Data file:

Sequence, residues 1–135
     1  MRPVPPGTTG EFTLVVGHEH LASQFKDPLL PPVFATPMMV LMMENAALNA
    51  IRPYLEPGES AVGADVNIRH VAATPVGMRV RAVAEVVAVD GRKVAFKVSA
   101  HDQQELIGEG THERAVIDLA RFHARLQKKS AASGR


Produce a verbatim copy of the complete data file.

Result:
Sequence, residues 1–135
     1  MRPVPPGTTG EFTLVVGHEH LASQFKDPLL PPVFATPMMV LMMENAALNA
    51  IRPYLEPGES AVGADVNIRH VAATPVGMRV RAVAEVVAVD GRKVAFKVSA
   101  HDQQELIGEG THERAVIDLA RFHARLQKKS AASGR